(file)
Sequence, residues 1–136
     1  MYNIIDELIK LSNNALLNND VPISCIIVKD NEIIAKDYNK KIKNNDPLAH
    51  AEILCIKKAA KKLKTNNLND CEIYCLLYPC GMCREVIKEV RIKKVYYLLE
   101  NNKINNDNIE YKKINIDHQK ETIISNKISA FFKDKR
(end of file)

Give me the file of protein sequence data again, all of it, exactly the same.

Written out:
Sequence, residues 1–136
     1  MYNIIDELIK LSNNALLNND VPISCIIVKD NEIIAKDYNK KIKNNDPLAH
    51  AEILCIKKAA KKLKTNNLND CEIYCLLYPC GMCREVIKEV RIKKVYYLLE
   101  NNKINNDNIE YKKINIDHQK ETIISNKISA FFKDKR